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Oh Persepolis II

Oh Persepolis II
signed and dated 'Parviz, 1975-2008' (on the lower left of the base)
73¼ x 50 3/8 x 10¼in. (186 x 128 x 26cm.)
Executed in 1975-2008, this work is unique
C. Pocock, Parviz Tanavoli Monograph, Dubai 2010 (illustrated in colour, pp. 340-341).
Vancouver, Museum of Anthropology, Safar/Voyage: Contemporary Works by Arab, Iranian and Turkish Artists, 2013.
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Lot Essay

'Persepolis, to me, was like a temple to worship sculpture, a place where the whole site is sculpted out of marble and granite'.
(The artist quoted in F. Daftari, "Parviz Tanavoli" in Safar/Voyage, exh. cat., Vancouver, Museum of Anthropology, 2013, p. 21).

Christie's is proud to offer Oh, Persepolis II (1978-2008), a monumental and striking sculpture by the acclaimed artist Parviz Tanavoli that invites the viewer on a journey back to the triumphant civilisation of Ancient Persia. One of the pioneers of the neo-traditional Saqqakhaneh school since the 1960s, Tanavoli draws inspiration from his homeland's history and folkloric culture, creating his own distinctive style that combines twentieth century Modernism with elements that are reminiscent of the magnificent bas-reliefs of Persepolis.

As a sculptor, Parviz Tanavoli has worked with various materials during his career, namely copper, brass and mostly bronze - which he learned from the Italian sculptor Marino Marini during his time in Brera, Italy - a medium that he beautifully combined with traditional Persian motifs and objects that he found in bazaars or shrines. Along with the iconography of the Heech or nothingness for which he is known, Tanavoli produced a series of Wall sculptures inspired by Persepolis and by the legendary story of the first sculptor of all times, Farhad the Mountain Carver, yet remained essentially Modern.

Standing over six feet tall, Oh, Persepolis II is the sister piece to The Wall (Oh, Persepolis) that fetched the world's record price of $2.84 million for any Middle- Eastern artist at Christie's Dubai in April 2008. The present work, a polished bronze monolith, is covered with undecipherable signs and symbols that commemorate, as its title suggests, the ceremonial capital of the Achaemenid Empire (ca. 550-330 B.C), now a UNESCO world heritage site. Created between 1975 and 2008, the monumental sculpture presents a gleaming surface enlivened by multiple rows of invented pictographic elements that reference the cuneiform inscriptions on the distinguished Darius Cylinder, as well as the carved figures of the Immortals, discovered on the staircases of the great Apadana Palace.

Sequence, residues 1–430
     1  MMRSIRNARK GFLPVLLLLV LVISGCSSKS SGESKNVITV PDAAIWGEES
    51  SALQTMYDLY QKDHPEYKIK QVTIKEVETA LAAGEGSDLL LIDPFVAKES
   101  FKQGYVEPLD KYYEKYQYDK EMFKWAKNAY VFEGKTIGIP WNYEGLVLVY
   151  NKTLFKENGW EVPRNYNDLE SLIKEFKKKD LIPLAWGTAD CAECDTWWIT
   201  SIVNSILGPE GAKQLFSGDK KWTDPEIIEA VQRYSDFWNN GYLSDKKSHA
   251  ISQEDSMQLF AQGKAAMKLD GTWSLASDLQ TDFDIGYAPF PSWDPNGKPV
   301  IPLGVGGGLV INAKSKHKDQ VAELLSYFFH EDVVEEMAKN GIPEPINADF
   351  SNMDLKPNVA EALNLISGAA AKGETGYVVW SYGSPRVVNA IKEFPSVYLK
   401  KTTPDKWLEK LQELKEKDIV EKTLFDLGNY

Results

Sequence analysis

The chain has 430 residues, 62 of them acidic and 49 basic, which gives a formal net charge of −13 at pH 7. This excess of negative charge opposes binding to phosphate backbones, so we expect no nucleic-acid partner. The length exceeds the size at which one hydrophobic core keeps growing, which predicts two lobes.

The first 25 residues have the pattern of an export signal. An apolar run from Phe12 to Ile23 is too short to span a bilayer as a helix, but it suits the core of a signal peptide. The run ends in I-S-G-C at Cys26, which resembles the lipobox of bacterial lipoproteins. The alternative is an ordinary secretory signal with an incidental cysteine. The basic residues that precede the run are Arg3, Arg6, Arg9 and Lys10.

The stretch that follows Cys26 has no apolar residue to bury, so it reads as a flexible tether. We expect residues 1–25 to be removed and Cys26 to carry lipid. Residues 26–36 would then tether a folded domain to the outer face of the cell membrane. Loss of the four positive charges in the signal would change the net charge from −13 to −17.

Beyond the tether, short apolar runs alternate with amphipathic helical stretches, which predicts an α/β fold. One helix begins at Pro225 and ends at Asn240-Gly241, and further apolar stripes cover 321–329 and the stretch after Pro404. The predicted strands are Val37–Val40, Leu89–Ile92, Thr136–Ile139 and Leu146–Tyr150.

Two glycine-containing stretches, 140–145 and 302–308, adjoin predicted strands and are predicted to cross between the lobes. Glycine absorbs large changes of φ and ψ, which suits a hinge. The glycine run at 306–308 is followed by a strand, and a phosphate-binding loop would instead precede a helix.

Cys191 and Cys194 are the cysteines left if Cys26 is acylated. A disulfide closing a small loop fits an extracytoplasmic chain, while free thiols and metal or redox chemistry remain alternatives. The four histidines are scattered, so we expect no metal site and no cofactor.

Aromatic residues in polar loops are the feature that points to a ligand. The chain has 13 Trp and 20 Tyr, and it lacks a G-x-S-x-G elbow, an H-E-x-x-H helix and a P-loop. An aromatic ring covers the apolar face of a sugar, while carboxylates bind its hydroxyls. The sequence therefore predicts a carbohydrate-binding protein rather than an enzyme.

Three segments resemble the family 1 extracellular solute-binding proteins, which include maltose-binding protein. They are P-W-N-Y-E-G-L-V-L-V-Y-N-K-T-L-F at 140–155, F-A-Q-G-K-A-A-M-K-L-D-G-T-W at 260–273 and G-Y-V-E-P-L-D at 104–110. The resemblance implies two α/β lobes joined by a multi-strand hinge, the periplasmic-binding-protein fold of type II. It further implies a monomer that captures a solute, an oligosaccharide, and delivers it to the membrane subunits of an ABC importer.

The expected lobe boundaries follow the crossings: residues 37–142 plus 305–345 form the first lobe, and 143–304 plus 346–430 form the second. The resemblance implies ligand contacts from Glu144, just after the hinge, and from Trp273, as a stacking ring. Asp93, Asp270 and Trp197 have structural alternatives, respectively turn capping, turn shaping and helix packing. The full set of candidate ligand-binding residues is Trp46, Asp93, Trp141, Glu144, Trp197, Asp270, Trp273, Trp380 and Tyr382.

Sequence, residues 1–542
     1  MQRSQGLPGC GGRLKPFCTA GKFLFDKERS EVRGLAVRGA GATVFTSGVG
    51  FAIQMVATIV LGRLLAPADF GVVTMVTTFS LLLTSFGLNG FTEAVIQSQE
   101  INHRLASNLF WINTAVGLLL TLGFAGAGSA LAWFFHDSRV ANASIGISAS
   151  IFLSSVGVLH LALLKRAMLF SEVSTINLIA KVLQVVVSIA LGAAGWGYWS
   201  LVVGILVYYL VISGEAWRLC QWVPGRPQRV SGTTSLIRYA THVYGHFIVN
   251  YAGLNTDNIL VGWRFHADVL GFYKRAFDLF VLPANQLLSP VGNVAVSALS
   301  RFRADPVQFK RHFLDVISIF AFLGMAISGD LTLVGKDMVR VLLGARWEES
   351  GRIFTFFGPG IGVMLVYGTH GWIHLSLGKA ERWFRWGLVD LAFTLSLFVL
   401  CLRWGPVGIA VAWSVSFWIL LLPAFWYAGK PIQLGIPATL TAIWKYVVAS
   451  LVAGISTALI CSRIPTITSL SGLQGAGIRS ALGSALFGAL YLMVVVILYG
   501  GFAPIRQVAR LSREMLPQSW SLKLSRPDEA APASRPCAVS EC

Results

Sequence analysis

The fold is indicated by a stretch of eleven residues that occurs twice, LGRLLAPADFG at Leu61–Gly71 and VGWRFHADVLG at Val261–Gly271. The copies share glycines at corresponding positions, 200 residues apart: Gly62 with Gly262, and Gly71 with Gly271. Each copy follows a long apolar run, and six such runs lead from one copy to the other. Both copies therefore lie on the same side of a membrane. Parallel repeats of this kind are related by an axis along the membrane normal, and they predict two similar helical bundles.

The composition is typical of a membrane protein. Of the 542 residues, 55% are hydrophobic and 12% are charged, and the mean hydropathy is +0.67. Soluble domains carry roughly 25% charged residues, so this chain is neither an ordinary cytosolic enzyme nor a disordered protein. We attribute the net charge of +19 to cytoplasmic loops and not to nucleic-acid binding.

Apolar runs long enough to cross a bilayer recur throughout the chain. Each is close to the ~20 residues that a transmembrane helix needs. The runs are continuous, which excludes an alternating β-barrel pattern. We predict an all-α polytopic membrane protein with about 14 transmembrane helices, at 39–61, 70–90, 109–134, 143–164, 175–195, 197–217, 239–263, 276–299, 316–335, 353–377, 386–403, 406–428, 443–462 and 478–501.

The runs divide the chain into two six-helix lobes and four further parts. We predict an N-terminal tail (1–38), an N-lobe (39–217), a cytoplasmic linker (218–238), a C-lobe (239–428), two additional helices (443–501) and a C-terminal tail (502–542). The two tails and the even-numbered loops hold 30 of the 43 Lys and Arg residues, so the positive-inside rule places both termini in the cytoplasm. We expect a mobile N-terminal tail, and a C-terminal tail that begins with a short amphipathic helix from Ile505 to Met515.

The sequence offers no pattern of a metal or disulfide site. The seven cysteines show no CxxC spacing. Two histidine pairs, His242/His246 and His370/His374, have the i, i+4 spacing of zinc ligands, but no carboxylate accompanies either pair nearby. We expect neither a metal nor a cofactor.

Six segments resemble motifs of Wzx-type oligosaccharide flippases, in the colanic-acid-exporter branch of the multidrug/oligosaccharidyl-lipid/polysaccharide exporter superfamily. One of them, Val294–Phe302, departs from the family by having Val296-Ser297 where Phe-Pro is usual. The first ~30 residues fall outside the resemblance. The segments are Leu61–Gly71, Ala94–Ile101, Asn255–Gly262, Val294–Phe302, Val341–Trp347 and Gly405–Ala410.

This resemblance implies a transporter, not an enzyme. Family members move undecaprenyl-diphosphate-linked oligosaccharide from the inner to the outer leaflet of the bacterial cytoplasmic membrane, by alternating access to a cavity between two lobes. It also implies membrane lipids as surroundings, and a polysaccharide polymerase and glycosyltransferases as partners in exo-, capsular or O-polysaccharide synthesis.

More recently the highlight of the acclaimed Safar/Voyage exhibition at the Museum of Anthropology in Vancouver, Oh, Persepolis II stands as the revival of the cultural happenings that took place in Persepolis as a display of power of the erstwhile ruling monarchy. In modern times and before the Islamic Revolution, Persepolis welcomed a great number of international artists, namely Maurice Béjart, John Cage and Jean Tinguely and whereas the first version of the sculpture recalled this glorious past, the present version enclosed in a majestic frame expresses the artist's resentment of fear, perhaps hinting to the destiny of the monarchy or to the urge to protect the archaeological site of Persepolis.

Oh, Persepolis II is one of the most refined and striking works ever produced by the artist and undeniably a true masterpiece. Parviz Tanavoli is widely recognized today for his contributions to the development of Modern Iranian sculpture and as such, has influenced a great number of younger artists in the region.

His works are featured today in leading institutions around the world, such as the British Museum and the Metropolitan Museum of Art as well as in distinguished private collections internationally. Works from the Wall series can be found in important collections including the Museum of Modern Art, Vienna and Mathaf, Doha.

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